UDARNA SNAGA ISTINE - Nastavak IV
 
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O.K. lets settle your fraudulent objection that Paul won't fit with AD 34. All you have to do is count the 3 years in Galatians and the 14 years from the same point, from his conversion, in which case AD 36 will do quite nicely for Paul to get knocked off his horse. Still fits with Aretas (2Cor. 11:32) and is in fact suggested in Finegan's handbook of biblical chronology. Now it is up to you to supply facts demonstrating a contradiction to what I just explained.

– the women followed Joseph and Niccodemus to the tomb, then returned and prepare spices prior to celebrating the weekly Sabbath.  Luke 23:56 And they returned, and prepared spices and ointments; and rested the sabbath day according to the commandment.

    The words you underlined are missing from the Western Text (represented by Codex Bezae).   But even if we are compelled to take them (and that is not too probable for text critical reasons), Lev. 23:7 supplies the commandment to rest on the Passover Sabbath, which was Thursday that year.  So your ignorance of the Torah, and MSS,  has led you to a lack of due diligence in bullet proofing your own argument.  You should not have used it.  That's all.

Luke 24:1 Now upon the first day of the week, very early in the morning, they came unto the sepulchre, bringing the spices which they had prepared, and certain others with them. – Note, no mention of an extended period of time between the two events
 

Yes, Mark mentions the time between.  See below.  So your argument is simply a false tradition.

 

"Luke 23:56 And they returned, and prepared spices and ointments. 

_________________________

 

       Now they rested the one Sabbath, [[according to the ordinance,]] 24:1 But upon the first of the Sabbaths, at deep dawn, they came unto the sepulcher, bringing the spices which they had prepared, and certain others with them" (DLT: torahtimes.org).

 

the one Sabbath: το μεν σαββατον. This was the annual Sabbath on the 15th of Nisan, Thursday that year.  The ordinance to rest on this Sabbath is specified in Leviticus 23:7, however Codex Bezae omits the words in brackets.   The annual Sabbath is called, "the Sabbath" in Lev. 23:11, 15, השבת.  It was the annual shapattu that came on the 15th of the first month.   Luke 23:56b actually goes with Luke 24:1.  The words "the one" here translates the Greek article το which sometimes has a demonstrative meaning.  In fact, BDAG 3rd edition, "1. this one, that one, the art. funct. as a demonstrative pronoun...b. ο μεν... ο δε the one...the other" (pg. 686).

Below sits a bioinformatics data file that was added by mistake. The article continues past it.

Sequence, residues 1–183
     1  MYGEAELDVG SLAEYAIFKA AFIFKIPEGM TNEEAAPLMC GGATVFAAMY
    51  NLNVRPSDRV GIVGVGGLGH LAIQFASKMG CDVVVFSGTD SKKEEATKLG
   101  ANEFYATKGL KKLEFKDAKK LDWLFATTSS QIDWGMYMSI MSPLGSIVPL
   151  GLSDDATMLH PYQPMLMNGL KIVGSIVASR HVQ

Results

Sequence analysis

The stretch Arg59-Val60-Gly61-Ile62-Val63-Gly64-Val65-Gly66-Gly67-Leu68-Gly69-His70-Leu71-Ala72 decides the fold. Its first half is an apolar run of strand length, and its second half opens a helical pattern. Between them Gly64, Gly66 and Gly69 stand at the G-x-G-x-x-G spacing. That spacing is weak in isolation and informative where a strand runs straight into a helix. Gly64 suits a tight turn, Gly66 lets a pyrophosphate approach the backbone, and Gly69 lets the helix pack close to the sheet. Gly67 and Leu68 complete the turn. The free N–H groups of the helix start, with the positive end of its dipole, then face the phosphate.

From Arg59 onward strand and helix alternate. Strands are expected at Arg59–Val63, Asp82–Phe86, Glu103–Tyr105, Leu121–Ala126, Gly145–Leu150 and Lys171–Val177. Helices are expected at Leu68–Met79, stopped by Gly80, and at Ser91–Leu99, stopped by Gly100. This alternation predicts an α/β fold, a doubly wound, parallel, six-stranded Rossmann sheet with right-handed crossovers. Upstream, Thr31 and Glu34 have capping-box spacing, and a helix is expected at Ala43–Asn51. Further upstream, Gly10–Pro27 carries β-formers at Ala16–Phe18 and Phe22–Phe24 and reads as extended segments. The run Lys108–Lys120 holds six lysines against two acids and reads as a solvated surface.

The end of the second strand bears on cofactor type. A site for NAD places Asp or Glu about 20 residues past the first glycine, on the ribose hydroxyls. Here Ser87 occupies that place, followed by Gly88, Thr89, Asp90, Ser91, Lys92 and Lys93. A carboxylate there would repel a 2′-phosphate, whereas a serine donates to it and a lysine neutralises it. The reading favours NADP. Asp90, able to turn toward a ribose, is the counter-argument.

comment: Chapter 23 is supposed to end at the "." after the word "ointments".  The effect of properly ending chapter 23 after the word 'ointments' is that it ends the chronology of that chapter.  Chapter 24 then beings a fresh chronological description of events jumping backward in time to reference their resting on the annual sabbath, and then progressing to the weekly sabbath after it.   Luke 23:54 introduces the annual Sabbath in vs. 54, "But it was the day before a Sabbath", ην δε η ημερα προ σαββατου, (Codex Bezae), and 23:56a ends the chapter saying "And they returned, and prepared spices and ointments" which of course, was after the annual Sabbath.   However, Codex Bezae (D) omits the words "according to the commandment".   The western text D is the best here.  Perhaps the Byzantine Scribes edited the text to make it look like the weekly Sabbath, counting on people being ignorant of the ordinance to rest on the annual Sabbath?  At all events, 23:56b goes with the next chapter, and introduces the two sabbaths, between which, the spices were bought and prepared, but which are not mentioned again since the reader will assume that they waited till after the annual Sabbath to do this.